The examples reported here demonstrate how digital microscopy enables forensic scientists to gather and compare evidence from ballistics and tool marks or counterfeited money, credit cards, and documents, more efficiently. Images and videos clearly show how to use the digital microscope to perform forensics investigations and how you speed up your workflow with the help of practical features, such as a convenient way to change magnification rapidly over the full range, tilting, sample rotation, and versatile illumination.
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  • Thin Metal Foils with Coatings - Sample Preparation for SEM

    Application Note for Leica EM RES102 - Thin foils are mostly unstable because of their thickness of a few microns. This makes it difficult to do slope cutting without any protection of the sample. A common realisation to protect the sample surface is by sticking a cover glass on top of the sample. Another issue is cutting the foils before ion milling. The sample edge should be flat and sharp without any broken areas. A razor blade is mostly the best solution. A protected sample can salso be sawed with a wire saw.
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  • Webinar: Laser Microdissection in Cancer Research – Mutation Analysis Workflow with Pure Cancer Material

    Cancer can affect various organs and is caused by mutations of the DNA. A prerequisite, to explore and understand underlying gene-mutations involved in the development of a definite type of cancer, is the extraction of pure sample material, which is challenging. In this webinar, we will present how to extract 100% pure cancer tissue for DNA analysis with laser microdissection (LMD). Using tissue samples from human kidney cancer patients as an example, this webinar will provide an overview of the practical considerations when preparing a workflow to obtain highly pure material with the LMD microscope for further molecular analysis.
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  • Webinar: Introduction to Fluorescence Microscopy

    In this seminar we will provide an overview about the latest advances in fluorescence microscopy. You will learn how you can use widefield and confocal microscopes to help you understand life’s questions down to tiny details, at high speed and state-of-the-art image quality both in living and fixed samples.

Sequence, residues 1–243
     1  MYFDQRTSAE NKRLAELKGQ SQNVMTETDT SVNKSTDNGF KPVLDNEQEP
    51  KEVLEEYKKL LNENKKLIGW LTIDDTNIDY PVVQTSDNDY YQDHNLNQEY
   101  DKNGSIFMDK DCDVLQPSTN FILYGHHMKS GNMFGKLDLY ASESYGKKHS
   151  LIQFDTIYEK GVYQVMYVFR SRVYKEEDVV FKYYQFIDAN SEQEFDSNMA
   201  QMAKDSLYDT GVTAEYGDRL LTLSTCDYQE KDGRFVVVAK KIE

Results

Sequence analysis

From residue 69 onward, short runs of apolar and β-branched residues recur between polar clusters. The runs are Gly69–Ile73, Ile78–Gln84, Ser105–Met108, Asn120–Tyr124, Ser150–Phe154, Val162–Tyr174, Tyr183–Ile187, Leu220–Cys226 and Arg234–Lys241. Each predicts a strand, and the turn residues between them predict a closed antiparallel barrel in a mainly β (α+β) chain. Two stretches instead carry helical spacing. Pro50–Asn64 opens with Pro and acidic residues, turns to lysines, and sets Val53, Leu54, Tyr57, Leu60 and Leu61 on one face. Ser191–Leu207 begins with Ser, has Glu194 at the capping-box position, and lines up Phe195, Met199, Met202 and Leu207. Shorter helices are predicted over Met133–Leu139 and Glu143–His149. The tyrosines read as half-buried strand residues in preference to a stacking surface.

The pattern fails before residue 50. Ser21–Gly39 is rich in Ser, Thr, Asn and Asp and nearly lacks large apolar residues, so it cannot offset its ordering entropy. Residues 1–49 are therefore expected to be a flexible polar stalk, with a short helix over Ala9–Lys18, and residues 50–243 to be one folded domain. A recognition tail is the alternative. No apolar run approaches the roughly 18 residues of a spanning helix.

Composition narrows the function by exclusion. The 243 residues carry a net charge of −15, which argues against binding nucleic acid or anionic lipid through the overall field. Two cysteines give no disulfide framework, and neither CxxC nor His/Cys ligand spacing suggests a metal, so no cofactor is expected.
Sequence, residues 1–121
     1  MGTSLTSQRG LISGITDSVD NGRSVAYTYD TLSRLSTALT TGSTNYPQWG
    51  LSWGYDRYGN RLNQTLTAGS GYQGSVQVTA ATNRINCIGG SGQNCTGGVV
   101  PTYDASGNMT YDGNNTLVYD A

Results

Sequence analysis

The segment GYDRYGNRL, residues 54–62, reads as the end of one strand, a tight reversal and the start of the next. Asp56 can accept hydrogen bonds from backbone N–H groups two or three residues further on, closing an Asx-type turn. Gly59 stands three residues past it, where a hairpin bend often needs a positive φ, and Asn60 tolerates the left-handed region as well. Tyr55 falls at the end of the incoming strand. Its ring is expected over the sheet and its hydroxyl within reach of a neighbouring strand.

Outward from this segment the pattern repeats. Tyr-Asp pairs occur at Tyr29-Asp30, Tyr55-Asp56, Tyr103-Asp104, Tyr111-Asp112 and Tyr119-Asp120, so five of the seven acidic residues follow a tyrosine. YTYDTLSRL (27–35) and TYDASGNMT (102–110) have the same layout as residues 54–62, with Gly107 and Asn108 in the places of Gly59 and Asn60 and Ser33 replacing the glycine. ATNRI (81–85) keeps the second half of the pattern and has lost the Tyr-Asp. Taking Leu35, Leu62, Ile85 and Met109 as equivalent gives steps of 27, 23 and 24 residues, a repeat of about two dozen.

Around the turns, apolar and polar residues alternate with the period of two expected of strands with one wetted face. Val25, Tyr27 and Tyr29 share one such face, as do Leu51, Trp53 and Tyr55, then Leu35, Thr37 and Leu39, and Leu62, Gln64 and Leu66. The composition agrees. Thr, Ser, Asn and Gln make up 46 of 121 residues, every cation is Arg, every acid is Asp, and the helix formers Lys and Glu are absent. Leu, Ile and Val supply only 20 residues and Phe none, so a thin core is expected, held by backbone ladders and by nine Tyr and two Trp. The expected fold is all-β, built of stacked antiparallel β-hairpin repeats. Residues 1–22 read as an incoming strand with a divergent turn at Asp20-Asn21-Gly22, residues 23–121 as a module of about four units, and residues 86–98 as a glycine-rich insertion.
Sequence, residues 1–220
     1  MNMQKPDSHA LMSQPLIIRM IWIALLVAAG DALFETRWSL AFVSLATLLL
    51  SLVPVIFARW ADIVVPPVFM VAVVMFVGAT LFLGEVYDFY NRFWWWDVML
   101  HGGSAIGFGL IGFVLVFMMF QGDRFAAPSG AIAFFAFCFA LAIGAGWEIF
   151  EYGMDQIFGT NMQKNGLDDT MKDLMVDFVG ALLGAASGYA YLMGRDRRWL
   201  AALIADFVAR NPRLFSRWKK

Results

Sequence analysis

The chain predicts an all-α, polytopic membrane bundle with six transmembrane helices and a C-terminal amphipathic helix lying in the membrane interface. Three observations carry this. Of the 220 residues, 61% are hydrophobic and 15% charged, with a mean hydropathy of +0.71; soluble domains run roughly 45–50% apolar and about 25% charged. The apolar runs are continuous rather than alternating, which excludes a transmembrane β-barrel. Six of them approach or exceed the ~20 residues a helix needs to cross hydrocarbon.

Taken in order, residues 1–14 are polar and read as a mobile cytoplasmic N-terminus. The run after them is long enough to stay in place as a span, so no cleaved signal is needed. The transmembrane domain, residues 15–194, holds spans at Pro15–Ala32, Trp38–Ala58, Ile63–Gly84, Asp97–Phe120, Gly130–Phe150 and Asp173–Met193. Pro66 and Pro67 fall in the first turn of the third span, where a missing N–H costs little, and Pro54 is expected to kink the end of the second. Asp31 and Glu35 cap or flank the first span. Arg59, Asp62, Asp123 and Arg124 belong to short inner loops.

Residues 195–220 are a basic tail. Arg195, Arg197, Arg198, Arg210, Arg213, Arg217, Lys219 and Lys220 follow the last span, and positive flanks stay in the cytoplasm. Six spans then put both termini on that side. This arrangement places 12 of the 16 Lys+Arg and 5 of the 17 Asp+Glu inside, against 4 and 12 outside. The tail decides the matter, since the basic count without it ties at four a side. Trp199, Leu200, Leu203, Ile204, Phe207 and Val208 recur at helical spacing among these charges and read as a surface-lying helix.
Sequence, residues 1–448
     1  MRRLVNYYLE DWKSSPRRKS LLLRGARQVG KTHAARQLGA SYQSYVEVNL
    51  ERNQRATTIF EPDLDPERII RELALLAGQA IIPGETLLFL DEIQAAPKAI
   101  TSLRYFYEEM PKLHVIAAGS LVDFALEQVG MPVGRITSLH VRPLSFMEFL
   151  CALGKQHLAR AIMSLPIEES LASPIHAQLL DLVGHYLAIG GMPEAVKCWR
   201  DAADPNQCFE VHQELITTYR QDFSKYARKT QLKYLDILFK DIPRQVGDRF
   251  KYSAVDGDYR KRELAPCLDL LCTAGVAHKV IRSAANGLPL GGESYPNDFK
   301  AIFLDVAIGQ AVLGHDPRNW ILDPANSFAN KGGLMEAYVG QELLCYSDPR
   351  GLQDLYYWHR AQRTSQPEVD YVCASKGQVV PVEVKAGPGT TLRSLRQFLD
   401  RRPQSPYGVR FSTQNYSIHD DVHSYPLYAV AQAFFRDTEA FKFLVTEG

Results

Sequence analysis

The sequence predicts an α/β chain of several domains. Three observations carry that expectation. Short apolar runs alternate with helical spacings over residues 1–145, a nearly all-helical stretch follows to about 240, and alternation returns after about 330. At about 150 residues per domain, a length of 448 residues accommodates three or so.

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  • Work More Efficiently In Developmental Biology With Stereo Microscopy: Fruit Flies (Drosophila Melanogaster)

    For scientists and technicians working with fruit flies, most often genus Drosophila, this report is intended to give useful information to help improve daily laboratory work by making the steps of fly pushing, fluorescent screening, dissection, and documentation/imaging more efficient. It also details various possibilities for properly equipping or stocking a fly lab.
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  • Ultra-thin Carbon Support Films for Improved STEM-EELS Analysis of Nanoparticles

    Application Note for Leica EM ACE600 - Recent developments in aberration corrected transmission electron microscopes as well as further improvements in monochromaters and spectrometers have pushed the attainable energy resolution for Electron energy loss spectroscopy (EELS) to 100 meV and beyond. STEM-EELS of individual nanomaterials can be challenging due the necessity of a support film.
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  • Ways to Reveal More from your Samples: Ultra-Thin Carbon Films

    Application Note for Leica EM ACE600 - Much of the battle involved in obtaining good transmission electron microscopy data is in the specimen preparation itself. Even though some nanomaterials are already electron transparent (e.g. nanoparticles and proteins) and often do not require further thinning procedures, they need to be dispersed onto thin support films.